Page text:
With the hustle and bustle of back to school approaching, your family might find it challenging to enjoy dinner together, consistently. Putting a healthy dinner on the table and making it one your family will enjoy is not as hard as you might envision.
Down the Line: Have an assembly line style night where everyone builds their own meal.
Set out ingredients for family favorites such as burgers, tacos, chili, rice bowls or sub sandwiches. Then, let each family member go through the line to make their dinner.
For example, grill lean burgers and place them on a plate.
In separate bowls, put toppings like tomatoes, lettuce, low-fat cheese, guacamole and onions.
Most children enjoy the independence and “control” of putting together their own meal.
Outside the Box: Dinner does not always have to consist of a “main course and two sides.” Dinners can be composed of entrée salads, casseroles or stir-fry meals.
A one-pot stir fry is as easy as heating oil in a skillet, adding fresh or frozen vegetables and stirring in leftover lean meat.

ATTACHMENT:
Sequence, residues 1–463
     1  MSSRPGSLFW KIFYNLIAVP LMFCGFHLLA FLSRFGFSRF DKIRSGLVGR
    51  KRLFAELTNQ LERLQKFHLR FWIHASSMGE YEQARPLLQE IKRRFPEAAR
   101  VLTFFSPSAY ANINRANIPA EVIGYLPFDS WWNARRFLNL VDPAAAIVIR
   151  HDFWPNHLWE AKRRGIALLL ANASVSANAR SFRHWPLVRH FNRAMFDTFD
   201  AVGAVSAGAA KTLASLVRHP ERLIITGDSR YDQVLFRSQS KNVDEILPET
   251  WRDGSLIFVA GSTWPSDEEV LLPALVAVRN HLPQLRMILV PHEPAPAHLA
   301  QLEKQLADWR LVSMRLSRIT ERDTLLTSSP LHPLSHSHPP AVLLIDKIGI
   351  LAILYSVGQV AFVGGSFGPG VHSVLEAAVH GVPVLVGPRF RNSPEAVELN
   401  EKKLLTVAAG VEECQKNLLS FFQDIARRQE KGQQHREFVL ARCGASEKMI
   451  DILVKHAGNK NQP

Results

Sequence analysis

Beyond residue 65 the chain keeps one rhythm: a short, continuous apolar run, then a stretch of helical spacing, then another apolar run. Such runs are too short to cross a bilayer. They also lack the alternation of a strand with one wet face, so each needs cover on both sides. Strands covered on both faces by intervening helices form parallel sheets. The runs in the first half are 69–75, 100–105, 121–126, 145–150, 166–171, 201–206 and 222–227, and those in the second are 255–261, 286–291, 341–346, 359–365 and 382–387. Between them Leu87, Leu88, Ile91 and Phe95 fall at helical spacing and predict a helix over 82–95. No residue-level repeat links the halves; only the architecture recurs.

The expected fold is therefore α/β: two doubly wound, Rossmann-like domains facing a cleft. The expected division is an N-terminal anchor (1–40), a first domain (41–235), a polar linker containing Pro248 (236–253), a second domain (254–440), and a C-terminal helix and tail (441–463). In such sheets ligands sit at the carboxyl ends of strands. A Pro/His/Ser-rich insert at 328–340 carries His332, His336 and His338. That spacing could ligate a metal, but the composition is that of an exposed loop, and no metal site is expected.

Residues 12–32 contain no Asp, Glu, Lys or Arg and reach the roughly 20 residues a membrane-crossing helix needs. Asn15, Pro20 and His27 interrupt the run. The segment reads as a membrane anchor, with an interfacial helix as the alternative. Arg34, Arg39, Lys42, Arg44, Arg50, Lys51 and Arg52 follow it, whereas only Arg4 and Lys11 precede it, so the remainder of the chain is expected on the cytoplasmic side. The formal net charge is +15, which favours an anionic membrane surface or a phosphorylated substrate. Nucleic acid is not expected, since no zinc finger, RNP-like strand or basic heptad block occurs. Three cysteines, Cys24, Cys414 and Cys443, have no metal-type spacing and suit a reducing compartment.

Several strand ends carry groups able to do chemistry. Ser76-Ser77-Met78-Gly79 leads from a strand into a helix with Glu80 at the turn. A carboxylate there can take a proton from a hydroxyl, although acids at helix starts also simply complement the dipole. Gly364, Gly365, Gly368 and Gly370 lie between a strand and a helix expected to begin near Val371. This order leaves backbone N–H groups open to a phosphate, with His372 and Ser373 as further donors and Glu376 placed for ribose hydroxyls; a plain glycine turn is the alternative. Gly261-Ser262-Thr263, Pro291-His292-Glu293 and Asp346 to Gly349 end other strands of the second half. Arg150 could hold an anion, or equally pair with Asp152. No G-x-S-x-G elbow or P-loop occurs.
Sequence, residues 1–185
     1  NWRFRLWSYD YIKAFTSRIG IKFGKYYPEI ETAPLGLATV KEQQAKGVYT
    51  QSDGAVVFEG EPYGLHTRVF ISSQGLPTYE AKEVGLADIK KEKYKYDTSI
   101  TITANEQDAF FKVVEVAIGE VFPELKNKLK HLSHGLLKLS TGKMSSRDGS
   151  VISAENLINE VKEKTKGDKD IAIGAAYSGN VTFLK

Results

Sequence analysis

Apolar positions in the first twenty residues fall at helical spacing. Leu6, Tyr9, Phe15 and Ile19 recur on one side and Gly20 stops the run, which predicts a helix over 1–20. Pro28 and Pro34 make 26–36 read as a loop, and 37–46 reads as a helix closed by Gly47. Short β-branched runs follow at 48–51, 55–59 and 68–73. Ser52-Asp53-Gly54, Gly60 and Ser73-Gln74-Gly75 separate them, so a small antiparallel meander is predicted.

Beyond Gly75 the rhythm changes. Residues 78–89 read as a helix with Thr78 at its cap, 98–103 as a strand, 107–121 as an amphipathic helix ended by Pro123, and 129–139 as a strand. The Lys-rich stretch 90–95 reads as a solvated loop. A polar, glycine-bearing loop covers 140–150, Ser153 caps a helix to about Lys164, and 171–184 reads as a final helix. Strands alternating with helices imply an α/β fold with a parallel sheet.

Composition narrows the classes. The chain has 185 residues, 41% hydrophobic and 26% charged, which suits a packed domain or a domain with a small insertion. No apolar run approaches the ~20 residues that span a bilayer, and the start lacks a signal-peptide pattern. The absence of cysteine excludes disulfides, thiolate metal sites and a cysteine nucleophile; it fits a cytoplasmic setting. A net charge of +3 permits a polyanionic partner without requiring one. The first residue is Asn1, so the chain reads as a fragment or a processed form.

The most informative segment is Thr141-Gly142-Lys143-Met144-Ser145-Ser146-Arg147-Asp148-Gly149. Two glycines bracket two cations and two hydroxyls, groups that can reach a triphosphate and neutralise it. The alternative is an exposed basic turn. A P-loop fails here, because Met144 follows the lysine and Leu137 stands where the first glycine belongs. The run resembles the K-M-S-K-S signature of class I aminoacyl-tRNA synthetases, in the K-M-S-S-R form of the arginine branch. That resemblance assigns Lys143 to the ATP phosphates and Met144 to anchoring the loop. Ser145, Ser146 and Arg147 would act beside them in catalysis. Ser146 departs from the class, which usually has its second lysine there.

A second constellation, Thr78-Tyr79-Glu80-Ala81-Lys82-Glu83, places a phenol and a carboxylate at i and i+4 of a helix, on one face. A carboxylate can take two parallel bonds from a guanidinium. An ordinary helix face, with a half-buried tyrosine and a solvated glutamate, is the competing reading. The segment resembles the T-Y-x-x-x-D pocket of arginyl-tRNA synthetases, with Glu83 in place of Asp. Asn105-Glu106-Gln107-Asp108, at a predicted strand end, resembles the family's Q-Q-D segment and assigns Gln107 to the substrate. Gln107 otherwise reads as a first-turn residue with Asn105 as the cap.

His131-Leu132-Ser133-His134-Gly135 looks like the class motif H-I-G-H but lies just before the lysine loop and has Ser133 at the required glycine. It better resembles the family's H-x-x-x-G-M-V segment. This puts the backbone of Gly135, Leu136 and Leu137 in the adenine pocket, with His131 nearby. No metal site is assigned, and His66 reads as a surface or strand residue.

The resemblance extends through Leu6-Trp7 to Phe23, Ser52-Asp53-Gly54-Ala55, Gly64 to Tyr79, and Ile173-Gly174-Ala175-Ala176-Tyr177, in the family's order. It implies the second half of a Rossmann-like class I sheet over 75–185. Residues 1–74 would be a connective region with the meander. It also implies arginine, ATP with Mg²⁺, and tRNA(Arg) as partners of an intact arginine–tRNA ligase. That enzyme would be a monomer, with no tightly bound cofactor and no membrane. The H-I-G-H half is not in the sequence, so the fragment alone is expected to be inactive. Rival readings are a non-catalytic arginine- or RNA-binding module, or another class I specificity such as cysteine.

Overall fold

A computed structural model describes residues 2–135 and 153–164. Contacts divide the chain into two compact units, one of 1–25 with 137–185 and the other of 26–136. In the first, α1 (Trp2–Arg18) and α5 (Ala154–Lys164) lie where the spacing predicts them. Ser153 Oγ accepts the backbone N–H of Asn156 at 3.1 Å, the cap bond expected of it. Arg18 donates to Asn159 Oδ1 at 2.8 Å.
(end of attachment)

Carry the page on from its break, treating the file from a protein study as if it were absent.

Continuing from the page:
Serve over rice or pasta for an instant, complete meal.
Breakfast for Dinner: Eggs are a great source of protein and when topped with shredded low-fat cheese add calcium and vitamin D to dinner. Turkey bacon is also an excellent alternative to high-fat bacon.
For a source of complex carbohydrate at dinner, try whole-wheat toast, whole-grain pancakes or waffles and fresh fruit.
Leftover Night: Multiple leftover options can be exciting for kids and can offer an opportunity for creativity. Select several items (not older than 3 days) to serve and let the family create an entrée combination they will enjoy. Leftover night is a great way to empty your refrigerator and reduce clutter; plus it ensures your family limits the amount of food wasted. Some foods, such as lasagna, may actually taste better the next day!
Crockpot Meals: Many dishes with long cooking times can actually cook independently in the crockpot while you are out for the day.
Crockpots are excellent ways to come home to a great meal; add ingredients before leaving in the morning, set to low heat and serve when the family is home.
An alternative is to roast a whole chicken in the oven with vegetables while you complete other household tasks during the day.
Carey Stites is a certified personal trainer, group fitness instructor and a Registered Dietitian with a master’s degree in nutrition. Carey is currently the Registered Dietitian working with Wellstone in Harker Heights. Contact her at email@example.com.